Monday, 26 May 2008

Coed y Wenallt horse trail

It has been a holiday weekend here in Wales and so of course we have had a lot of rain! Everywhere is so beautifully lush and green - it's worth a few days of rain to enjoy the beauty of Wales. However two years ago it started to rain at about this time of year and then rained nearly every day until September. I cannot help hoping that it will not be another summer like that one. I try to always appreciate whatever my environment provides and dwell in the moment as it is - rather than missing the present moment through wishing it were different. However continual rain throughout the summer, and then going straight into winter, can make life with horses rather hard work. If continual rain is the way it's going to be, then I shall have to encourage appreciation of squelching through mud, delight in the steam rising from wet horses in the stable, and continue to enjoy the verdant foliage.

One of our students is staying with us for a solitary retreat in our retreat hut this week, but before she went into retreat she came for a ride with me. I rode Red as I have not ridden him for a while now that 'ö-Dzin rides him several times a week. The horses were most reluctant to go out because they knew it was about to start raining. We had to really encourage them to walk along the track out of the livery yard. Once it had actually started to rain - and we were clearly carrying on with the ride - they relaxed and were quite happy to go out. This made me wonder. Did they think that we did not realise it was about to rain? Did they think that we probably would not want to be out in the rain and were trying to let us know? Or is this too intellectual an interpretation of their behaviour? We did get rather wet but still had an enjoyable ride. Much as I love to ride Dee, it was good to ride Red for a change.

There is only one part of the Coed y Wenallt horse trail that is easily accessible for a short evening ride. The whole circular trail, going in a clockwise direction, takes a little over an hour of which the last 20 minutes or so is a steep descent down a narrow road. So when we only have time for a short ride in the evening we generally do only some of the first part of the trail. This is mostly pretty level and there are a few places where we can have a canter. Equestrians are only allowed on this one trail through the wood, whereas walkers are allowed on all the many trails through the wood. It can therefore be a little frustrating when it becomes impossible to do more than a walk for practically the whole ride because of meeting so many walkers with their dogs. The dogs are often running loose and Dee can find this quite unnerving - especially if she can hear them but not see them in the undergrowth. On Friday a jogger ran right up behind Dee. She was very good and did not react, but if she had been frightened by him running so close up behind her he could have got kicked. I wonder why so many walkers and joggers use the horse trail when there are so many other paths available to them and not to us? I have heard walkers complain that they were frightened by horses racing through the woods - but if you walk on the horse trail then you are going to meet horses.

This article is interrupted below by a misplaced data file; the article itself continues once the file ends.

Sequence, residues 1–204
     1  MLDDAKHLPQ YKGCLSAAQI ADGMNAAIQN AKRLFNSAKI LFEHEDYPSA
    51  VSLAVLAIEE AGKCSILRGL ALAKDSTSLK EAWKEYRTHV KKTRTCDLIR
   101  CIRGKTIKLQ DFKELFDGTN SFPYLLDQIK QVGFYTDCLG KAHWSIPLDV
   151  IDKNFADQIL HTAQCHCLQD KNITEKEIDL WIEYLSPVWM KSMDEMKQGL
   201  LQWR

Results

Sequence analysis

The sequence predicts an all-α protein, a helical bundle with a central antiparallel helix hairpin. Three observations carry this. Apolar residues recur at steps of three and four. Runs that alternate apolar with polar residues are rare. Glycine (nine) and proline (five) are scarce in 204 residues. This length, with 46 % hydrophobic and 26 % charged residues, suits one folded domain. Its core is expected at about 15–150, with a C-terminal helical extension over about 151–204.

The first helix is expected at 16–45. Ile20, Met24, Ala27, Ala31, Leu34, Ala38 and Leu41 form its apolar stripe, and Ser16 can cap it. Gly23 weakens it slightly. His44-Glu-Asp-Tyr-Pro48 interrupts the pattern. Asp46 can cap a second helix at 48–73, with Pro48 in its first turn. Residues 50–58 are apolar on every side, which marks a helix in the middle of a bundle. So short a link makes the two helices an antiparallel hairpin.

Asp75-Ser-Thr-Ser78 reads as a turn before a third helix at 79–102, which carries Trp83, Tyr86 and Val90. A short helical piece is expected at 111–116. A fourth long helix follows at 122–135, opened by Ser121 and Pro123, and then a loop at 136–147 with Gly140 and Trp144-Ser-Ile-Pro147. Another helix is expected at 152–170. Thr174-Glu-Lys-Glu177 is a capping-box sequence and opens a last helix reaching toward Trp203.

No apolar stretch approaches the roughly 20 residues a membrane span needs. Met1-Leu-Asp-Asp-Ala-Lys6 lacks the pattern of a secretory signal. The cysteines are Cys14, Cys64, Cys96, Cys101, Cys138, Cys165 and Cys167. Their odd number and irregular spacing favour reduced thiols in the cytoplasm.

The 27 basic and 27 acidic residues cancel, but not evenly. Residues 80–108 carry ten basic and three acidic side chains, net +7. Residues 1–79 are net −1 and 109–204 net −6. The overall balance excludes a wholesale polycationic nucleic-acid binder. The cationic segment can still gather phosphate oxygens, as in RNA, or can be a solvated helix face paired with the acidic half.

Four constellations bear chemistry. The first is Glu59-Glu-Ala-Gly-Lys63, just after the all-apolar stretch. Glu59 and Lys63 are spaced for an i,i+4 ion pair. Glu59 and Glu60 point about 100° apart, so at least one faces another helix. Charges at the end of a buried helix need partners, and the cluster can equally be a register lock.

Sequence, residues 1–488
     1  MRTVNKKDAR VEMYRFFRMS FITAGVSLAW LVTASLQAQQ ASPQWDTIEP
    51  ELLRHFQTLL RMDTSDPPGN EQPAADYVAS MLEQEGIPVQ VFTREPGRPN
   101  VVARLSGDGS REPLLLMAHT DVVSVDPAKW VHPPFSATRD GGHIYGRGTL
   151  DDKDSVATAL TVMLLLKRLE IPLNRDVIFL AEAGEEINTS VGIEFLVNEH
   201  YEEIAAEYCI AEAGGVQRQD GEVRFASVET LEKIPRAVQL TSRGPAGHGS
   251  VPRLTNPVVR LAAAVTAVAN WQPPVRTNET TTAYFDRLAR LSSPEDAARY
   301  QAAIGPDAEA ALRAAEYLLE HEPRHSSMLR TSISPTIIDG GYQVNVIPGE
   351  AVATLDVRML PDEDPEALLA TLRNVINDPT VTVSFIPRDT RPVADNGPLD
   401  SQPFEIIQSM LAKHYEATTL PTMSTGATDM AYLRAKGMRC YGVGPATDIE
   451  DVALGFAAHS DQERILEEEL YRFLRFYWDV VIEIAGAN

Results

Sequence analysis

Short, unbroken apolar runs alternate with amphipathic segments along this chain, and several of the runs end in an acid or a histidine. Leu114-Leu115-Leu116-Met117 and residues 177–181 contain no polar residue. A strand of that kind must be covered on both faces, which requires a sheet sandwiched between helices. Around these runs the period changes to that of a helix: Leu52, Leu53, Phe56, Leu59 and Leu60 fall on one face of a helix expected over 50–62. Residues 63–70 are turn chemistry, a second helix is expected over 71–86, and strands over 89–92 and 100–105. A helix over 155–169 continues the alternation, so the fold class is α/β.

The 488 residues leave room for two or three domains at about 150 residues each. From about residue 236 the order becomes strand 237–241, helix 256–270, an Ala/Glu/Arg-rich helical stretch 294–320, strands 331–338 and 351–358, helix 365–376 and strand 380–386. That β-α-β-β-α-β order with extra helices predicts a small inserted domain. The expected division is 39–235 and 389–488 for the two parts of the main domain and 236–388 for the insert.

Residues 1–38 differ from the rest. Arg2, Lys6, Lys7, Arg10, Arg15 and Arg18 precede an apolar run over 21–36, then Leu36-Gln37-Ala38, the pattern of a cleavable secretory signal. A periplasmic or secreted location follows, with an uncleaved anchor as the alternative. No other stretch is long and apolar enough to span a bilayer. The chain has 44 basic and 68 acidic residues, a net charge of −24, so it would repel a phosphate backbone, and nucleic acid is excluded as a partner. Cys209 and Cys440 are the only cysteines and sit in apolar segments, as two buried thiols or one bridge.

'ö-Dzin usually takes the horses out to the field after their feed while I muck out the stables. On the evening that the above photograph was taken, Red did not seem to want to leave him. He stood by 'ö-Dzin after he had taken off his halter and followed him when he walked back to the gate. Every time 'ö-Dzin moved, Red followed, whereas usually he trots straight off up to the top field to join the other geldings. In the end 'ö-Dzin walked up to the top field and Red walked quietly beside him at his shoulder. He did not leave 'ö-Dzin until he saw the other geldings. Red has not done this again since, but 'ö-Dzin found it a heart warming and touching experience.

3 comments:

Victoria Cummings said...

I agree with you about people jogging and letting their dogs run loose on the horse trails - it's not fair and they usually seem oblivious to the dangers. But how lucky to have good trails right by the stable. Your story about Red and 'o-Dzin is really lovely. Red is a very sensitive guy, and I'll bet the longer you own him, the more loving he will be. Walking beside my horses is one of my favorite things. It makes me feel very accepted by them.

Transylvanian horseman said...

One way to improve the riding is to collaborate with the British Horse Society, which has achieved some notable successes in obtaining better access for riders.

Another idea that has worked in Britain is for riders to band together, perhaps along with riding clubs and BHS representatves, to negotiate "toll rides" with local landowners.

Around here, dog owners usually are quick to control their dogs when horses appear. Maybe some are afraid that their dogs will be kicked or trodden on, however most seem quite considerate.

Nor'dzin said...

The horse trails around here are indeed the result of a lot of dedicated people negotiating with land owners and the council. The dog owners are mostly friendly and considerate - but I still wish that occasionally we could just have the horse trail to ourselves so that a relaxed canter of reasonable duration is possible. It is fun for us and fun for the horses. Otherwise the only opportunity we ever have to canter is round the arena, which is quite a different experience.